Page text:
The successful run of the telecommunication giant is due to the increase in service revenue which reached a 28.9% year-on-year streak, especially with the recent diversification into fintech as led by Mobile Money (MoMo).

In the year under review, the company had reported capital investments of a whooping ¢1.1 billion to boost service quality and expand capacity and coverage on our network as well as the diligent execution of commercial strategies resulting in an increase in subscriber base, an increase in usage and engagement by our customers.

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3. Increased Projections from e-levy

Despite the immense dust raised by the implementation of the controversial e-levy, we had reported during the third quarter of the year that the Ghanaian Government had projected that the tax is expected to rake in a sum of GH¢750 million into the country’s coffers.

The projection came after the recent passage of the Value Added Tax Amendment Bill.

A key innovation in the E-VAT includes the upfront payment of the Value Added Tax by an importer who is not registered and the zero-rating of the supply of locally assembled vehicles.

The Ghana Revenue Authority also affirmed that all hands are on deck to ensure that all necessary arrangements are in place to take into consideration the new amendment as a warm-up to the final October 1st implementation of the electronic collection as stipulated by the amended Value Added Tax Act 870.

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4. Drop in Income Tax Payers

The Ghanaian Tax Administration during the year also reported a drop in its taxpayer base as only 20% of eligible taxpayers paid income tax in Ghana.

This worrying stat made it to the limelight through the Ghana Revenue Agency. 

The study further points low taxpayer knowledge among Ghanaians is the reason why only 20% of eligible taxpayers paid income tax.

The top echelons of the GRA explained that it was unable to deliver tax education to everyone in the country, recognizing that an opportunity in leveraging religious actors and their platforms to spread the message on taxation was not properly utilized.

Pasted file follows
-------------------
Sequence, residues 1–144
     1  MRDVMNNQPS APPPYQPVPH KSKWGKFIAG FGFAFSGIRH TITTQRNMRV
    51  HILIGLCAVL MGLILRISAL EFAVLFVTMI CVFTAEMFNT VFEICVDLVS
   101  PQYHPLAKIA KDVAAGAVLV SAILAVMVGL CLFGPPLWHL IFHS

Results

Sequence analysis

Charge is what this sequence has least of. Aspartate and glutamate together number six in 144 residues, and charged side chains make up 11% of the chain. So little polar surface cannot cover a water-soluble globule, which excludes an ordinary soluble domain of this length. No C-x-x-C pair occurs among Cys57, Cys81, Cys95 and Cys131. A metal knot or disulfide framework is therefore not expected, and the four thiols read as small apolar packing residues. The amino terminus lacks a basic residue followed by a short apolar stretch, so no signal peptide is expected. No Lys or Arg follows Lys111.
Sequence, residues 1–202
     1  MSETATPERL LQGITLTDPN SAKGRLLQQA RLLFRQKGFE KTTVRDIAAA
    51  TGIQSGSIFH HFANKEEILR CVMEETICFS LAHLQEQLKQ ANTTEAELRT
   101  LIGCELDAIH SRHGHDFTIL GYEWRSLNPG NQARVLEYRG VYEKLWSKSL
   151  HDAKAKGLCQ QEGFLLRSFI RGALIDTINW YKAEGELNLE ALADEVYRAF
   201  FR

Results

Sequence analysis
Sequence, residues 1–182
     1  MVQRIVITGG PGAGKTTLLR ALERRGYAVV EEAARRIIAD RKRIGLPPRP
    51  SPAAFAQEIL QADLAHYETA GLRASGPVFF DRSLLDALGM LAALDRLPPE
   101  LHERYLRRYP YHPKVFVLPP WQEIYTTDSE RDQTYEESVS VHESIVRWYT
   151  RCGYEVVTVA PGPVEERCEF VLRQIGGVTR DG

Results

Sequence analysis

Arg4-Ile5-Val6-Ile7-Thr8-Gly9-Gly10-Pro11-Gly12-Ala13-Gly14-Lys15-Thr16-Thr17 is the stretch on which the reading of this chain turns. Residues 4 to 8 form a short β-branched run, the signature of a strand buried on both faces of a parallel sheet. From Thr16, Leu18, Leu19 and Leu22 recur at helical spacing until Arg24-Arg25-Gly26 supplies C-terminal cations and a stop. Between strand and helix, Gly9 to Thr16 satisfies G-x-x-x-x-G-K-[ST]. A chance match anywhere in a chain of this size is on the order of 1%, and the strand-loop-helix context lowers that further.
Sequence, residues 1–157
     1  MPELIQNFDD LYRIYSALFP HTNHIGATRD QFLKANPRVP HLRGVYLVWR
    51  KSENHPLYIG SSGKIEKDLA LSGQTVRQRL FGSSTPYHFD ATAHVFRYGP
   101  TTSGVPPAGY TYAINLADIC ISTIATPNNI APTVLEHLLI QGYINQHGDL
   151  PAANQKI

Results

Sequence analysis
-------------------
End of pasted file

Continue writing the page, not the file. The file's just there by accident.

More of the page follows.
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5. Approval of Ghana VAT Amendment Bill 2022

During the outgone year, we also brought it to your notice that the Ghanaian parliament had approved Ghana VAT Amendment Bill 2022.

We told you that the passage was after a heated debate on the floor of the House between the ruling New Patriotic Party (NPP) Members of Parliament MPs and the opposition National Democratic Congress MPs.

The bill was aimed at; amending the Value-Added Tax Acct, 2013 (Act 870), increasing the Value-Added Tax rate by 2.5%, modifying the Value Added Tax Threshold, reviewing the transitional provisions for the implementation of the electronic Value Added Tax (e-VAT) system, to amend the administrative penalties for non-compliance to the electronic Value Added Tax and to eliminate the Value Added Tax on betting, gambling, and other games of chance.

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6. A Move to Reduce E-Levy Rate

No doubt a major highlight of the Ghanaian Tax Administration in 2022 is the e-levy. The e-levy was brought to the spotlight again in 2022 as the government move to review downward the current 1.5% rate to 1%.

The downward review was revealed by the Minister for Finance and Economic Planning Ken Ofori Atta who detailed the modus of amending the Electronic Transaction Levy (E-levy) Act.

In addition to the downward review, the dissolution of the daily non-taxable threshold of GH100 was also proposed to the legislature.

On the flip side, other members of parliament already revealed their intention to utterly do away with the e-levy.

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Concluding Remarks

There you have it, the 6 Major 2022 Tax Highlights in Ghana which saw a major resharpening of the tax administration in the west African Country.